Shout Louder’s June 2018 Playlist

Listen to our Spotify playlist for all of June’s hottest tunes!

The whole team at Shout Louder is addicted to music, whether that’s live, on record or just sung badly in the shower. There’s not enough time in the world to review every record we love, so we’re going to share a monthly Spotify playlist with you.

Enjoy this month’s selection of tunes – featuring many of the bands we’ll be catching live this month. Here’s what we’re listening to:

 

Only Strangers: Growing Up But Not Giving In [Interview]

Only Strangers have produced one of 2018’s best melodic punk releases; we spoke to them to learn more about the journey that brought them there.

Article by Sarah Williams.

If you’ve read Shout Louder before before, listened to our podcast or spent any time with me personally, then you will already have some idea of how excited we are about Only Strangers at the moment. I am a real sucker for all things gruff: over then years I’ve falled in love with Leatherface, Hot Water Music, Red City Radio, Bear Trade…. the list goes on. It’s been a while since I’ve heard a record that really fills my need for melodic guitars and shredded vocal chords and Only Strangers are, without a doubt, next on my list of favourite bands.

As with many bands that I love nowadays, I’ve gotten to know them through the old-school ska-punk scene. 3 out of 4 members of Only Strangers were originally in Sense of Urgency, who put out a split on TNS Records back in 2009. It’s hard to see how they went from that brassy, aggressive noise to the melodies and harmonies of Only Strangers, so I was keen to learn more about their journey. This is a band that have grown up together, through school, through starter bands and now through kids and marriages. The sound you hear on their self-titled record is the music that has grown with them; it has an organic depth that you wouldn’t hear otherwise.

Moreover, it’s a quality record. This 4-piece from Stoke-On-Trent clearly favour quality over quantity, although here’s hoping that they get out there and tour it soon. We spoke to guitarist/vocalist Dec O’Reilly to find out more about the band, their ambitions and how they’ve grown both as people and as musicians.

Hi Dec! You have just released your self titled album on Horn & Hoof records. It sounds like a lot of love, time and detail went into the record. How long did it take to create?

Hi Sarah! It took a very long time indeed. We wanted to make sure it was something we were really proud of as, despite most of us playing in bands since around 1999 and in Only Strangers since 2010, none of us have ever put out a full length album, so it was a pretty big deal for us. The whole process probably took around the best part of two years. Even though we had so much material from the years we’ve been playing, we had to really be convinced that we had 10 tracks which we’d never see as being more than half decent, so we kept adding new songs and re-recording old ones. We had quite a few more which we recorded properly but didn’t make it on to the album. It feels more like a ‘best of’ to us, rather than just recent tracks rushed into an album.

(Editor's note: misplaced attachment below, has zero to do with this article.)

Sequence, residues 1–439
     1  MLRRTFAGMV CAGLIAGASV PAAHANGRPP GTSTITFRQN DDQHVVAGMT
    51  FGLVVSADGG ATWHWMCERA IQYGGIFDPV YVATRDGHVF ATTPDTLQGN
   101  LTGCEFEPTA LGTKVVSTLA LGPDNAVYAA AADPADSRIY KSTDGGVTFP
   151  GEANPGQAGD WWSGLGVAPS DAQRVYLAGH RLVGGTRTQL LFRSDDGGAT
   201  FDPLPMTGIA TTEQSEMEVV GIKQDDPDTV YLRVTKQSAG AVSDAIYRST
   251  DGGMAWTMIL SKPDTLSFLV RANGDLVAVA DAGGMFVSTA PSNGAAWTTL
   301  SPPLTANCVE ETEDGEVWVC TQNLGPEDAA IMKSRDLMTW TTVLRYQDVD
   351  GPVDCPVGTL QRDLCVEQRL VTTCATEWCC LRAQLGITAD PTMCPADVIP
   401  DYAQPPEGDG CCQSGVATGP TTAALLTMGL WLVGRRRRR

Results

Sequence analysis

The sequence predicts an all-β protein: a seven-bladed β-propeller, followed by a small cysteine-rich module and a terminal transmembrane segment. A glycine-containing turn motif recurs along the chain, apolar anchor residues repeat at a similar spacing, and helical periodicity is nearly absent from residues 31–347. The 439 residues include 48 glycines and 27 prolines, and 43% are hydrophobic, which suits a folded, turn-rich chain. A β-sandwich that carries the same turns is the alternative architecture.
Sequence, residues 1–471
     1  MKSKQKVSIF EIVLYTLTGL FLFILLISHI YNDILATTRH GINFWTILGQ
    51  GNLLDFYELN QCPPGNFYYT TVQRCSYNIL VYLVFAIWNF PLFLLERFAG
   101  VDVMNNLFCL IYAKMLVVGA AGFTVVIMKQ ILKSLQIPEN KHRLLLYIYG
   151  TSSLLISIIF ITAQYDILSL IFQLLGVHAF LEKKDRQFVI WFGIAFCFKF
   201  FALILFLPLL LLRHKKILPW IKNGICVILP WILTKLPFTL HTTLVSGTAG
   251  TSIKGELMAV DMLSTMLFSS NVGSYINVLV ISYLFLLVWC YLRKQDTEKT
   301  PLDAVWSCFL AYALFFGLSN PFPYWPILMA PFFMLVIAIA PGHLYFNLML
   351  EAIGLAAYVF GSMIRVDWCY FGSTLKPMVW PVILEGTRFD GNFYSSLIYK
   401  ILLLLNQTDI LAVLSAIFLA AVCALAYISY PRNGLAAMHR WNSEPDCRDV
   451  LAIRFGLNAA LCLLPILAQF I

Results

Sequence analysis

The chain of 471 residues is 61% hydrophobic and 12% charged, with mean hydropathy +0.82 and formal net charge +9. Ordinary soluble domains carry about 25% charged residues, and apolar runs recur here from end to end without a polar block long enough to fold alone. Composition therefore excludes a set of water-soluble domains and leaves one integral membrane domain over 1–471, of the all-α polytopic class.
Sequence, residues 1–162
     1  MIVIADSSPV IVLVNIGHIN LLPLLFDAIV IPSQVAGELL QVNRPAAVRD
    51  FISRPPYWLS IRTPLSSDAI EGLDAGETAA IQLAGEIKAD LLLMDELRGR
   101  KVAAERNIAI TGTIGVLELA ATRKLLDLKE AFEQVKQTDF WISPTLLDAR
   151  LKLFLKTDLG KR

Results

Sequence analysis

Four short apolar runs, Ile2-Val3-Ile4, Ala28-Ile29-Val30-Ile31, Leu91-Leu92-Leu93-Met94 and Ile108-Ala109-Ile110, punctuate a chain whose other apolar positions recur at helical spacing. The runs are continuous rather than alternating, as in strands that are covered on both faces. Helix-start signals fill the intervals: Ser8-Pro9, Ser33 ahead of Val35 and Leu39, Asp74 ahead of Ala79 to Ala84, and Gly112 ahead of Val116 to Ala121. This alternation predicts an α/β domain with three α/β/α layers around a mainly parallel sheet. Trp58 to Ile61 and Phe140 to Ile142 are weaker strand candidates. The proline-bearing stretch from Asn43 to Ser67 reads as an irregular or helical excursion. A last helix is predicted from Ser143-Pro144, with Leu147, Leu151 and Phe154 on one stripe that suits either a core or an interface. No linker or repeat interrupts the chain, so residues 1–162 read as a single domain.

What did you find most challenging about recording the album?

I think the biggest challenge was simply finding time. Everybody works all week and does some pretty long hours, so realistically weekends were the only time we could ever get in to the studio, and those weekends were limited just to everyone being so busy. We weren’t keen on going in at different times mid-week or here and there as we wanted to make sure everyone was involved in everything that was being recorded.

Also, it was a big challenge calling recordings complete. There were quite a few occasions where we thought something could sound better and so we would just go back in and do stuff over and over again but it’s something we’re all really glad we did. The amazing response we’ve had from reviewers, peers and friends is a really good pay off for all the hard work and tweaking we put into it.

Are there any themes you find yourself returning to when writing songs?

Lyrically, we tend to have all the music done first and then just agree between the two vocalists who it would suit best. Then that person goes away and starts sorting out the lyrics, usually on their own. Personally I never set out to pick a theme (as I’m pretty sure Gater doesn’t) and the musical style can often dictate the content. There’s quite a variation of subjects on the album from health struggles and health care, hangovers and people’s grim attitudes to racism to name a few. I think because we’re all at that point where we’re definitely realising we’re not spring chickens anymore and have a lot of work and responsibility, there’s a bit of a theme of looking back at the past and to the future also, as that’s always going to be prominent in our minds. Bit of a cliche, but it’s very much what we deal with day to day. Musically, we just mess with hooks until something begins to stick and progress from there, without thinking of what style it should be or anything like that.